NATURAL CAPITAL – THE NEW BUSINESS METRICS

The Coalition’s Natural Capital at Risk report estimates the environmental externalities of business are costing the global economy an estimated US$7 trillion, which equates to 13% of global economic output in 2009. The value of the Top 100 externalities is estimated at US$4.7 trillion. The majority of environmental externality costs are from greenhouse gas emissions (38%) followed by water use (25%), land use (24%), air pollution (7%), land and water pollution (5%) and waste (1%).

 

 

 

 

 

 

 

 


These are daunting statistics, but it is going to take more than these figures to influence and see a shift in corporate behaviour to preserve and enhance rather than deplete our natural and social capital. What does this mean for business? Just as with nature itself, those businesses that fail to adapt in a world of increasingly scarce resources will lose competitiveness as these resources’ value is realised through tighter regulation, consumer choice and limited supply. For businesses to be viable in the long term the ecosystems and resources they depend on must be maintained, yet when it comes to the natural environment we are undoubtedly seeing a rapid depletion of capital. Businesses rely on ecosystems that provide critical provisioning services, such as food and water, and regulatory services including climate regulation, water purification and flood management. However, 60% of the world’s ecosystem services have been degraded over the past 50 years.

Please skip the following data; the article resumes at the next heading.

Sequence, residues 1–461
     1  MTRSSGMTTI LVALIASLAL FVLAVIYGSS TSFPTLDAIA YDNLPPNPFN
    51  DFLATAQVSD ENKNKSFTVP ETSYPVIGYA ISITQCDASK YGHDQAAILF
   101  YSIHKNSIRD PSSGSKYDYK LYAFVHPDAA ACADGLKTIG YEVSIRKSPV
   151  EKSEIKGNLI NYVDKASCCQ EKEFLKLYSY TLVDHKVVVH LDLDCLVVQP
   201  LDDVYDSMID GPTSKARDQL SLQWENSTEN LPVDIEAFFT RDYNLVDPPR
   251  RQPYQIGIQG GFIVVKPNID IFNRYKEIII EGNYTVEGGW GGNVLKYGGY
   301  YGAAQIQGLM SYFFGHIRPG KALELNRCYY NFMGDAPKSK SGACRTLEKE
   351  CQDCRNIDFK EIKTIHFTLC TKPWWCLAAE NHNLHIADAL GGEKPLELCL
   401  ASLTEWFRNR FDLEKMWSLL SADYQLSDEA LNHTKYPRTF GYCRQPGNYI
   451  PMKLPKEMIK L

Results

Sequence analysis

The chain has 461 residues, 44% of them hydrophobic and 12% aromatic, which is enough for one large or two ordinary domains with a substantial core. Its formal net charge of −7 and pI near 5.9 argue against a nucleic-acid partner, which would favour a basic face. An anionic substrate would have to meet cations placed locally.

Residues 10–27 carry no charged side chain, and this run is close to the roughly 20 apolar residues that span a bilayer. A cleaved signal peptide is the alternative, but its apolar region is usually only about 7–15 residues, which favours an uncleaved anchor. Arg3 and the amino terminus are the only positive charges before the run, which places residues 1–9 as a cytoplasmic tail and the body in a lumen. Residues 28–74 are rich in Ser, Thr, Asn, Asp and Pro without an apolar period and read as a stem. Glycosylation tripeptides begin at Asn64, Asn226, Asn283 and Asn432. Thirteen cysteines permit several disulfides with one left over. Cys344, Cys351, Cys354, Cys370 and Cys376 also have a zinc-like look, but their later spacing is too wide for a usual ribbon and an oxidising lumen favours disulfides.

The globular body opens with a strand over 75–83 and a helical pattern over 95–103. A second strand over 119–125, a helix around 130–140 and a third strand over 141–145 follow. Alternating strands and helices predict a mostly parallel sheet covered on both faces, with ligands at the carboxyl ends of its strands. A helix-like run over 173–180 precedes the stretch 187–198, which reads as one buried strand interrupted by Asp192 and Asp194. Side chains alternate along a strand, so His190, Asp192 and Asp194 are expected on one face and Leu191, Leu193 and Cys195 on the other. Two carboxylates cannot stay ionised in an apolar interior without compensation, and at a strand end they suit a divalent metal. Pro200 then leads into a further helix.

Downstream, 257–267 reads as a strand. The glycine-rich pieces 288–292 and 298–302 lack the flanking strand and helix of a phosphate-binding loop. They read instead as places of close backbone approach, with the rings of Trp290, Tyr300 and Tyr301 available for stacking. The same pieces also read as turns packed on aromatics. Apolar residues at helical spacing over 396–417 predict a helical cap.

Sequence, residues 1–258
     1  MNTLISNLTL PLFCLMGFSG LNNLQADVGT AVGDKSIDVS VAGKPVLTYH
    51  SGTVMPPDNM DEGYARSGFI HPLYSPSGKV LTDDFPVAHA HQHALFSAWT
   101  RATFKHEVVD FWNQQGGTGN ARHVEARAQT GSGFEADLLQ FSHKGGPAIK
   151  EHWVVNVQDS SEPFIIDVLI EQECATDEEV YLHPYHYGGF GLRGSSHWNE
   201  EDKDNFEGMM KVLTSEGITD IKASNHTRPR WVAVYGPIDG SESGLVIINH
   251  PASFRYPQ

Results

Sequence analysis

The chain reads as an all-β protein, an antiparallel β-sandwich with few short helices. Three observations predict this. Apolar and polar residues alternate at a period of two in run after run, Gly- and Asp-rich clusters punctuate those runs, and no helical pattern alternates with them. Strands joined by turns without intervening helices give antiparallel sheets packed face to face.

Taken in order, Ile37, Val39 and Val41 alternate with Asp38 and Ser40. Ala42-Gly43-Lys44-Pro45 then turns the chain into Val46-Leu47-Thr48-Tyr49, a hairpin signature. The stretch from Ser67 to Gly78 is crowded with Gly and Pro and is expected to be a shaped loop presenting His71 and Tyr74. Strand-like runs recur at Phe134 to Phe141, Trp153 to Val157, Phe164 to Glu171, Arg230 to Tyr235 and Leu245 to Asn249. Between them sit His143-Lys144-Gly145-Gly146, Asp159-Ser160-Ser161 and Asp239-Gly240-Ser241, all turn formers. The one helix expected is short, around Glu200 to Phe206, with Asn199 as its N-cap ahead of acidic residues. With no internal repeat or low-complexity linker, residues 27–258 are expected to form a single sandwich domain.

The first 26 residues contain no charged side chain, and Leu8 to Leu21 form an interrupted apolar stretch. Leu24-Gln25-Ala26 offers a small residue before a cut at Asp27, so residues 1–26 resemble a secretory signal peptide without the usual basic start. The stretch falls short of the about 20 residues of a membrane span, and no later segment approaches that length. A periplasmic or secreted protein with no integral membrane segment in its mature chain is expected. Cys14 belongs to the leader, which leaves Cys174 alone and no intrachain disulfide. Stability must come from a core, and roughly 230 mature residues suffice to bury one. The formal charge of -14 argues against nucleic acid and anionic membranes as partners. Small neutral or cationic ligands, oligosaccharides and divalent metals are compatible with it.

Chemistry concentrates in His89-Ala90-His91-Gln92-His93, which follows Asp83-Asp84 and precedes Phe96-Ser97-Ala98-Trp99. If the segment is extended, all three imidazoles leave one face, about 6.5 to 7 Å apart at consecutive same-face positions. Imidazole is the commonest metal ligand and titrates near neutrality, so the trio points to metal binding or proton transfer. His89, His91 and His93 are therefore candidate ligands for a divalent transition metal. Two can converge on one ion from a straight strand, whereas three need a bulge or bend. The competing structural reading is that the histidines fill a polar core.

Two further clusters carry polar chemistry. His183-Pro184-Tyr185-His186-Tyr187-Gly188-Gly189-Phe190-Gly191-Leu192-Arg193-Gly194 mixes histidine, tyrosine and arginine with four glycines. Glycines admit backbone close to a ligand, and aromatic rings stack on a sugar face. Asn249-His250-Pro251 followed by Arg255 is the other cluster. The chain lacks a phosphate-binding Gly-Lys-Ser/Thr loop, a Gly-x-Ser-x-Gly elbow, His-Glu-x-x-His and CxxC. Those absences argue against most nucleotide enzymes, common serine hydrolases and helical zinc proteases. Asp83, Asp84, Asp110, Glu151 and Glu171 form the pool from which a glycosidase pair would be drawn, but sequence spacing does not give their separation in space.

Through natural capital valuation and accounting, environmental externalities can be taken into consideration to contribute towards a greater understanding of future risks and opportunities. With this information, more strategic responses to changing economic, environmental and social conditions, and linkages between strategic direction, financial performance and sustainability impacts can be made, therefore driving a better and more sustainable return in the future.


A key challenge currently is a lack of standardisation across how to value and account for natural capital so it can be applied in business. At The Crowd Forum on 10 Feb, we will discuss some of the “new metrics” initiatives evolving on natural capital. In the Coalition we have just launched the Natural Capital Protocol project to develop and pilot test  the industry norms for valuing natural capital in business decision making to enable better measurement, management, reporting and disclosure. It is anticipated that the resulting Protocol will be the precursor to future standards. Two sector specific supporting guides will also be developed to provide specificity that can simplify a sectors use of natural capital valuation. This will focus on agricultural commodities used in food/beverage sector including beef or soy and also the apparel sector e.g. cotton and leather. Future projects could build on this to develop additional sector guides.


The process will be open and consultative to enable key stakeholders from business, policy and practitioners to inform the result and pilot test it. We have an open invitation for business and financial institutions to participate simply by giving a small amount of time in kind. For more information and to sign up to participate see Natural Capital Protocol.

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